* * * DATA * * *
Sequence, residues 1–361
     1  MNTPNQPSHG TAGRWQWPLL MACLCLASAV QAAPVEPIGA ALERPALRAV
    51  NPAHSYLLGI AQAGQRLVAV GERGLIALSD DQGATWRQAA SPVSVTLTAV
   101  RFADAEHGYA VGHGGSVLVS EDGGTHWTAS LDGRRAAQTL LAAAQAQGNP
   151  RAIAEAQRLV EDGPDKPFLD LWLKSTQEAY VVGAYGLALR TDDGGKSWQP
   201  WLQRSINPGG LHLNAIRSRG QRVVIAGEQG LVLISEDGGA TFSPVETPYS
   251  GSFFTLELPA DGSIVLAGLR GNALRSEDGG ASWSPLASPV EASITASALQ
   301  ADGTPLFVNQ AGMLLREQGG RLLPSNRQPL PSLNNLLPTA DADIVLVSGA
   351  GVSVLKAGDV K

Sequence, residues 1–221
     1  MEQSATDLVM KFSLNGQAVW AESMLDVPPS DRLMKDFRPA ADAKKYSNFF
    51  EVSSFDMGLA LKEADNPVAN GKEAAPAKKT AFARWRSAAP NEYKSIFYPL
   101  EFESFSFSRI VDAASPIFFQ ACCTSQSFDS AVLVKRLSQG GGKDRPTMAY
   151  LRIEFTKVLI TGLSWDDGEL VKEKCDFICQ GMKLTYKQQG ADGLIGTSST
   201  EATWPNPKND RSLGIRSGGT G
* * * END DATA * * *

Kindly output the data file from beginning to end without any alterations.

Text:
Sequence, residues 1–361
     1  MNTPNQPSHG TAGRWQWPLL MACLCLASAV QAAPVEPIGA ALERPALRAV
    51  NPAHSYLLGI AQAGQRLVAV GERGLIALSD DQGATWRQAA SPVSVTLTAV
   101  RFADAEHGYA VGHGGSVLVS EDGGTHWTAS LDGRRAAQTL LAAAQAQGNP
   151  RAIAEAQRLV EDGPDKPFLD LWLKSTQEAY VVGAYGLALR TDDGGKSWQP
   201  WLQRSINPGG LHLNAIRSRG QRVVIAGEQG LVLISEDGGA TFSPVETPYS
   251  GSFFTLELPA DGSIVLAGLR GNALRSEDGG ASWSPLASPV EASITASALQ
   301  ADGTPLFVNQ AGMLLREQGG RLLPSNRQPL PSLNNLLPTA DADIVLVSGA
   351  GVSVLKAGDV K

Sequence, residues 1–221
     1  MEQSATDLVM KFSLNGQAVW AESMLDVPPS DRLMKDFRPA ADAKKYSNFF
    51  EVSSFDMGLA LKEADNPVAN GKEAAPAKKT AFARWRSAAP NEYKSIFYPL
   101  EFESFSFSRI VDAASPIFFQ ACCTSQSFDS AVLVKRLSQG GGKDRPTMAY
   151  LRIEFTKVLI TGLSWDDGEL VKEKCDFICQ GMKLTYKQQG ADGLIGTSST
   201  EATWPNPKND RSLGIRSGGT G